Invasive SpeciesGlossy buckthorn

Frangula alnus
FOUND by 18ct
2018-09-13
Falmouth
ID Confirmed
Quality checked by Ms. H
Peer reviewed by Patrick
Field Notes
Field Notes Caroline Tracy, C block Our area, between flags 8 and 9, was the border between a forest and a developed road. There were two main parts to it: the edge of the forest, and near the edge of the road. Near the edge of the road, there were a lot of dead leaves and pine needles covering the ground. On top of them, there were large gray rocks that covered a lot of the leaves and needles up. These rocks also made it hard for plants to grow. After some research in our area, my partner and I found that mainly invasive species grew near the edge of the road. These invasive species were near the edge of the road (and on the rocks): glossy buckthorn (Frangula alnus) and woody nightshade (Solanum dulcamara). The woody nightshade was fairly small, but the glossy buckthorn was huge and took up a big portion of the area. There were barely any native species near the road (on the rocks). I think that this is because after the forest had been cleared because of the road, and after the rocks were placed, there were no species at all near the road. But the invasive species saw an opportunity to grow there, and quickly took over. On the other hand, on the edge of the forest, there were many native species. The edge of the forest was green, teeming with plants, and had soft soil. Many of the species we researched on the edge of the forest were native. These native species at the edge of the forest were: sweet fern (Comptonia peregrina) and orange jewelweed (Impatiens capensis). The sweet fern was huge and thriving close to the forest. However, one of the orange jewelweed plants was small and dying, while another one was well sized. We collected data in a transect area, and visually located the plants. We wrote down evidence, took pictures with our camera, used a ruler to measure plants, and used data from the information cards (from your website) to help identify the key features. I think that our area (near the road and the edge of the forest) is pretty healthy on the edge of the forest, but I think there are too many invasive species near the road for our entire area to be called healthy.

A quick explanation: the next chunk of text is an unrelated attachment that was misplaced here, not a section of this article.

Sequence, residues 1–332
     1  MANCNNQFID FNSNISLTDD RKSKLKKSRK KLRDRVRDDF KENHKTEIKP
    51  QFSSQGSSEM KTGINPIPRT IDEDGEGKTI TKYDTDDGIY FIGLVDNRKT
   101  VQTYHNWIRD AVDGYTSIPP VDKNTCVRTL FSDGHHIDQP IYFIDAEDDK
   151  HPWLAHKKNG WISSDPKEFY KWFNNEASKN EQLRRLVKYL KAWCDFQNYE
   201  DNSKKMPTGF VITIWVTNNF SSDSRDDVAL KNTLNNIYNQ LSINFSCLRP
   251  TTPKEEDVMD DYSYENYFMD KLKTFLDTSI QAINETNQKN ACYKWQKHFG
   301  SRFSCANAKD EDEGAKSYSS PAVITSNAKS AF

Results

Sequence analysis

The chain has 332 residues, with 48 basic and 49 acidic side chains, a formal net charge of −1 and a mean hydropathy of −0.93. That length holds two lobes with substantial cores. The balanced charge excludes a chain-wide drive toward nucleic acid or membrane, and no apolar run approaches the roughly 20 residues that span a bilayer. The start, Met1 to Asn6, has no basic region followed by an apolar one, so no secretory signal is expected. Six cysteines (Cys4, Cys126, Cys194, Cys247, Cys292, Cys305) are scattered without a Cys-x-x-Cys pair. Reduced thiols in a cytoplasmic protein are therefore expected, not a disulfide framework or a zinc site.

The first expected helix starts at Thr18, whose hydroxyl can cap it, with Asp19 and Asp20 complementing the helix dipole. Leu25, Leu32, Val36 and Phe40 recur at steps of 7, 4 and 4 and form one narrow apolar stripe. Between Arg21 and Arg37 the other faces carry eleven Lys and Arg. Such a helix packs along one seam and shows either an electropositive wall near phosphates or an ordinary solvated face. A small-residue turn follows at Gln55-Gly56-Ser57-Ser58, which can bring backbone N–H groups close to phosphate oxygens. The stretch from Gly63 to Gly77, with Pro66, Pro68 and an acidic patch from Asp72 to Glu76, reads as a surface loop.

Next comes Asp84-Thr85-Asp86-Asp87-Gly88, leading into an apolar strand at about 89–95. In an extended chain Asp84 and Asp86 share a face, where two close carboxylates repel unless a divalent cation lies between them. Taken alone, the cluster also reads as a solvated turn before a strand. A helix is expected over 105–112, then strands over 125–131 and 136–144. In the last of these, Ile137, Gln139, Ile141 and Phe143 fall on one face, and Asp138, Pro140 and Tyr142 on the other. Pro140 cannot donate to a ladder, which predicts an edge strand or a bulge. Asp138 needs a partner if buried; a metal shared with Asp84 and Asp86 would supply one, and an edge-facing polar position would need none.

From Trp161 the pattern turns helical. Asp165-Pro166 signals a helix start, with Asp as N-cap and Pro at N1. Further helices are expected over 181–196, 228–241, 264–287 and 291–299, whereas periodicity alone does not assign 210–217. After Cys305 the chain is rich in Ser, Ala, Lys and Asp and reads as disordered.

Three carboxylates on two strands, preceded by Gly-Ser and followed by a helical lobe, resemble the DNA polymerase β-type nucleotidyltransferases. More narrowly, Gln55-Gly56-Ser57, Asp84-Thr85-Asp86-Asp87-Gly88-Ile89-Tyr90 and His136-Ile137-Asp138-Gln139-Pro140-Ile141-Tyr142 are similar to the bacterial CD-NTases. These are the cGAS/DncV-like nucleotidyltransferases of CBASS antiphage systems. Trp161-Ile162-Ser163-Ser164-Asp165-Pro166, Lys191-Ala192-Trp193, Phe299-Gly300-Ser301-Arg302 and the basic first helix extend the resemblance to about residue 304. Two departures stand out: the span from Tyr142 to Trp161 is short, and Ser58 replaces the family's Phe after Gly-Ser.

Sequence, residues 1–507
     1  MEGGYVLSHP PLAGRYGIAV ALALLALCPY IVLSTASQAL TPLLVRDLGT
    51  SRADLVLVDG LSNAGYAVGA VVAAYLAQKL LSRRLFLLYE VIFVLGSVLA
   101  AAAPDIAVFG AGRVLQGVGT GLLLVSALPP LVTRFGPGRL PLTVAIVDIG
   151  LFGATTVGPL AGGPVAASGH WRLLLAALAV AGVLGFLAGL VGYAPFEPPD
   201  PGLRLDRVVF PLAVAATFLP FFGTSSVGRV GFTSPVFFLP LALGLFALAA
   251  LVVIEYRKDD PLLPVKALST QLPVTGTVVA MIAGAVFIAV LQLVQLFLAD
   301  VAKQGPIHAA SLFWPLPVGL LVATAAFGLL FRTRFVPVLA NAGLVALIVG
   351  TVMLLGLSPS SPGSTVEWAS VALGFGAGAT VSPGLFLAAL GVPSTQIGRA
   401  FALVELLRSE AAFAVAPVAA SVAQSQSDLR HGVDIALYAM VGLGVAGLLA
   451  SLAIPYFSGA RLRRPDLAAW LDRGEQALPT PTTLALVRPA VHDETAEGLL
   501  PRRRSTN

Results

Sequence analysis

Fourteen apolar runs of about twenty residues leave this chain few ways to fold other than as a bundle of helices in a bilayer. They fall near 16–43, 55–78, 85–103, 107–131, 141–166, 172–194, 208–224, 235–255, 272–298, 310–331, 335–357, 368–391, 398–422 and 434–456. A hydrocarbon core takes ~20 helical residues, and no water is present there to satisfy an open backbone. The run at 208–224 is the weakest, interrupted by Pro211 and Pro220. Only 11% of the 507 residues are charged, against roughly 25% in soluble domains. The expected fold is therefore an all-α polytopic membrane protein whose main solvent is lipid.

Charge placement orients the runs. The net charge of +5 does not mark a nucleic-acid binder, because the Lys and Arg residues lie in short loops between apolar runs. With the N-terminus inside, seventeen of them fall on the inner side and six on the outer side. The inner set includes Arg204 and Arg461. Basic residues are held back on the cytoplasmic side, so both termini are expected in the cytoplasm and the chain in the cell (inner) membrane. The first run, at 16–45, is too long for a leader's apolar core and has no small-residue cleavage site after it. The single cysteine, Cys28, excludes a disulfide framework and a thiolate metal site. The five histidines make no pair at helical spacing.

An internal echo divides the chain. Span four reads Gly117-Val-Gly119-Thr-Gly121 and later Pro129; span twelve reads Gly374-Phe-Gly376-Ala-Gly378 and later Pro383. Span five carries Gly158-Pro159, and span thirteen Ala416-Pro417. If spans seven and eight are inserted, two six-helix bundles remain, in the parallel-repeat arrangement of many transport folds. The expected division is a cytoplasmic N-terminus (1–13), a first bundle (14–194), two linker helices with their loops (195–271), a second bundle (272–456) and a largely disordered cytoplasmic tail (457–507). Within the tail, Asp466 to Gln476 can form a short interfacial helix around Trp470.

Supporting Evidence
Photo of my evidence.
The leaves on the glossy buckthorn are glossy, shiny, and were waxy to the touch. They're shaped like a long oval, and the leaf type is simple: it's just one leaf. Lastly, the edges of the leaf are wavy, curving up and down.
Photo of my evidence.
The bark on the glossy buckthorn is thin and gray-brown in color. The bark also has white pores (or lenticels) that are raised. The raised white lenticels are little bumps on top of the stem that characterize the stems of the glossy buckthorn.
Photo of my evidence.
On this particular plant, there is an alternate leaf arrangement. On other glossy buckthorn plants, however, there's an opposite leaf arrangement. However, the leaf arrangement varies from plant to plant. This plant differs from common buckthorn because, in this picture, it clearly shows that there isn't a spine at the end of the branch.
Species Observation: Species Looked For
Did you find it?: 
I think I found it
Scientific name:
Frangula alnus
Common name:
Glossy buckthorn
Sampling method: 
Transect
Photo of our sampling method.
Place Studied
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Map this species
Latitude: 
N 43.736660 °
Longitude: 
W -70.275460 °
Observation Site Information
A photo of our study site.
Habitat: 
Upland - Developed areas
Trip Information
Name:
2018 School Site Forest Edge
Trip date: 
Thu, 2018-09-13 07:26
Town or city: 
Falmouth
Type of investigation: 
Species Survey
Ecosystem: 
Upland
Watershed: 
Presumpscot

Comments

As you saw the edge of the forest is a very diverse area where many plants and animals thrive. Also the cutting of the forest does allow the seeds already deposited in the soil to grow as sunlight reaches them on the forest floor.